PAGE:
The Small Gesture That Makes Men Assume You'll Have Sex With Them

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woman and man about to kiss

A 2013 study from Hendrix College in Arkansas asked a co-ed group of college students about their general interest in sex, and their perception of other people's interest in sex. (By answering questions such as, "When a man [or woman] goes out to a bar, how likely is it that he [or she] is interested in finding someone to have sex with that night?" Aka, which gender wants it more?)

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Then, the researchers kept the subjects up all night (chastely! obviously) and asked the same round of questions to the now sleep-deprived students.

It turns out that, in general, people agree that men are more interested in having sex.

BUT, sleep-deprived male college students rated female sexual intent as just as high or higher than that of men. In other words, when men are tired, they're way more likely to assume a woman is sexually interested.

So, here's the one thing that makes men assume you'll have sex with them:

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When a woman touches a man's arm during a date or smiles at a male student during class, how likely is it that she wants to have sex with him?

The best way for him to figure that out is probably to ask her.

Researchers at Hendrix College, in Arkansas, recruited 60 college students (31 men and 29 women). The participants rated men's and women's general interest in sex, and their intent to have sex, in situations like the ones above. For example: "When a man [or woman] goes out to a bar, how likely is it that he [or she] is interested in finding someone to have sex with that night?" They were also asked how strongly they agreed with generalized statements about both genders' interest in commitment, such as: "A typical woman needs to know that a man loves her before she is willing to have sex with him."

The researchers then had the participants go without sleep for an entire night and tested them again the following morning.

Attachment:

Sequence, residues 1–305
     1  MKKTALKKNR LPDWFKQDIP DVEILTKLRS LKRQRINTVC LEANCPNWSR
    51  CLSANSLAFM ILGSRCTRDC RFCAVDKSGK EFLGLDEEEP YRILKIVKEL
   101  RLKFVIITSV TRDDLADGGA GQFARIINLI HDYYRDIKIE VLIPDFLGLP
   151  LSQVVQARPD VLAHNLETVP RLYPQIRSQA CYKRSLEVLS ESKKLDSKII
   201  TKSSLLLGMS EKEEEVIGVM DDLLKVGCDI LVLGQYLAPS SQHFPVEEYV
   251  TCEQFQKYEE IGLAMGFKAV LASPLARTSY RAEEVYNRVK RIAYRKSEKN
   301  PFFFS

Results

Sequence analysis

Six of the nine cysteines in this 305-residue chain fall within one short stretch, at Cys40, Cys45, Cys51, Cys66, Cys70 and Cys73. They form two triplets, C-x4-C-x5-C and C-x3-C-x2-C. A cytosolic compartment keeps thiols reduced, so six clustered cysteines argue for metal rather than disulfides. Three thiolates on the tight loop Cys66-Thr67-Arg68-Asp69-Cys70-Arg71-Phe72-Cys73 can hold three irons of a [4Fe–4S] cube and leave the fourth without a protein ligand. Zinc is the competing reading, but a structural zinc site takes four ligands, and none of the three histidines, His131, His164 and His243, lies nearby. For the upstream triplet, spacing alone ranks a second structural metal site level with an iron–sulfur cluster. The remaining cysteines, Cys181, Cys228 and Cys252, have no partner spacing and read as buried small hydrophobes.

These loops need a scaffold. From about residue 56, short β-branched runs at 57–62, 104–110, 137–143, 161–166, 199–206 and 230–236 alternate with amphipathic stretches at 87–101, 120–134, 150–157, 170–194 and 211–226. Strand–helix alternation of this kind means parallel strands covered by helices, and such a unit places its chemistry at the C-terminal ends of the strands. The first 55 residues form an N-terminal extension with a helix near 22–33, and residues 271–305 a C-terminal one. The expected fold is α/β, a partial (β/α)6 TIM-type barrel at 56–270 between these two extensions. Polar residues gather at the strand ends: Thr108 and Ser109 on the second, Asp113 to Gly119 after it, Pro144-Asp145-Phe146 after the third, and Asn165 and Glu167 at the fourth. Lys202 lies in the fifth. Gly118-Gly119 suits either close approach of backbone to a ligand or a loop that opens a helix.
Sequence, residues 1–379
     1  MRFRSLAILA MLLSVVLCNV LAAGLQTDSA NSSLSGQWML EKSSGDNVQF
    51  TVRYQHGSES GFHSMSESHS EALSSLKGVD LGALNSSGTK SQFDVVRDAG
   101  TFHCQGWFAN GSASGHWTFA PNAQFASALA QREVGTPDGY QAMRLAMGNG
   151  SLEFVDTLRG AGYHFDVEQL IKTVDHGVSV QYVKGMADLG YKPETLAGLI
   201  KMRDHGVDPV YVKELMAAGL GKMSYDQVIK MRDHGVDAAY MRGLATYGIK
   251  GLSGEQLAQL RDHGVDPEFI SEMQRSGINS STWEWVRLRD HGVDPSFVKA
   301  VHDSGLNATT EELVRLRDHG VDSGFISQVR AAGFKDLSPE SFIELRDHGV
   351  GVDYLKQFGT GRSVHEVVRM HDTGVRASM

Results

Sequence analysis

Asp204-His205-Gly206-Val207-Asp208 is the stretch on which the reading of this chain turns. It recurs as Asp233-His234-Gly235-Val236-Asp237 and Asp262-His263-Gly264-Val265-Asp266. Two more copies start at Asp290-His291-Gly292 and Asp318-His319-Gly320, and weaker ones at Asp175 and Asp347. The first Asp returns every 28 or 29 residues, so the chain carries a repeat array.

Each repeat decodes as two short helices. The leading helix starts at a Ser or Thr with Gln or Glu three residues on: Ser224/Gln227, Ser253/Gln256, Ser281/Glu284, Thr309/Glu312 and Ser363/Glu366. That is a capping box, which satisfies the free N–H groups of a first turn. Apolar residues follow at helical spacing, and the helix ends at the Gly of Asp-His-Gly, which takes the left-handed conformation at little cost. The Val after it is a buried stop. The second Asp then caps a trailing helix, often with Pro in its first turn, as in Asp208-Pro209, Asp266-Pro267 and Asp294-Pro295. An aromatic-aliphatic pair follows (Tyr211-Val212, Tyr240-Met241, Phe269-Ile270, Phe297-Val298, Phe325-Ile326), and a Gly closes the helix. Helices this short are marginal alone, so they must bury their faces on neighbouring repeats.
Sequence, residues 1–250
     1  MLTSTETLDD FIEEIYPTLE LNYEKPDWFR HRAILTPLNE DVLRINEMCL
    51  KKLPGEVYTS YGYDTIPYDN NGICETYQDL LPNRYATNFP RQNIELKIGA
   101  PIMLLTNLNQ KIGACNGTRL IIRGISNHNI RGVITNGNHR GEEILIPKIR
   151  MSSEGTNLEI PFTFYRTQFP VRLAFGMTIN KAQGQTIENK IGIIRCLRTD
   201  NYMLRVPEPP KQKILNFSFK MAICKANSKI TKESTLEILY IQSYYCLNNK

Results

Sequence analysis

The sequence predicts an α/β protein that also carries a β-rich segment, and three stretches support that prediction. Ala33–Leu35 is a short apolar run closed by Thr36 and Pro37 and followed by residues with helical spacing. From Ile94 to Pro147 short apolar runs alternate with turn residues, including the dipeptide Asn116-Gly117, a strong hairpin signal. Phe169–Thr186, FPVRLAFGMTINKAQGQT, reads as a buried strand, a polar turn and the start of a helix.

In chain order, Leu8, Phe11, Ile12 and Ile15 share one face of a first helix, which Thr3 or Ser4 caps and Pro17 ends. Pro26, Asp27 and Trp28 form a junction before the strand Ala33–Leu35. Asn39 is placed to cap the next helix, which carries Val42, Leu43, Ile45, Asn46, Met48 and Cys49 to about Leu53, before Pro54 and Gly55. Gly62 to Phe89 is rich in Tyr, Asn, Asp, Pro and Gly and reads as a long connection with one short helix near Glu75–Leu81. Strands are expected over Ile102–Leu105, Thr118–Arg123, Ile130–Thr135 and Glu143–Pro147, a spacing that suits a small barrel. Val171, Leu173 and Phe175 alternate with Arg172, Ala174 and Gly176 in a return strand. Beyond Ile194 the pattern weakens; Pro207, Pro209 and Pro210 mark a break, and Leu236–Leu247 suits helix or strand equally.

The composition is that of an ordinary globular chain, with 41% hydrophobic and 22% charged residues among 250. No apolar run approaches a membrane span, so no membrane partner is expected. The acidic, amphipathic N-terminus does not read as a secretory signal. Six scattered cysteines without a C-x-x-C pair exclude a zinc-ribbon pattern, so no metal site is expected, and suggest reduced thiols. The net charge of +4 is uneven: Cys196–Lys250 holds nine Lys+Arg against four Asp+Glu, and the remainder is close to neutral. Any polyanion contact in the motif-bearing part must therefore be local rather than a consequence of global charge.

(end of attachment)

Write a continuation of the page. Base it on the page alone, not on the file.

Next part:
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Overall, the participants rated men as being more interested in sex than women are, and as more likely to intend to have sex. Once sleep-deprived, however, the male participants' answers changed: they rated women's interest in and intent to have sex as being more or less equivalent to that of men. Sleep deprivation did not have any effect on the female participants' perceptions.

Sleep deprivation appeared to affect men's judgment about romantic situations.

The authors point out that lack of sleep has already been associated with worsened decision-making, similar to what happens when you've had too much to drink. It's believed that both cause impairment to the frontal lobe -- the part of the brain responsible for inhibition and moral reasoning, among other things. 

So, men! Don't go to a bar when you've gone too long without sleep. Or, I dunno, do. (Maybe some shy guys need the extra encouragement?)

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Lindsay Abrams is a human-centered design practitioner, facilitator, and coach dedicated to changing the future of media. She is currently leading the design strategy for CNN podcasts & audio.

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This article was originally published at The Atlantic. Reprinted with permission from the author.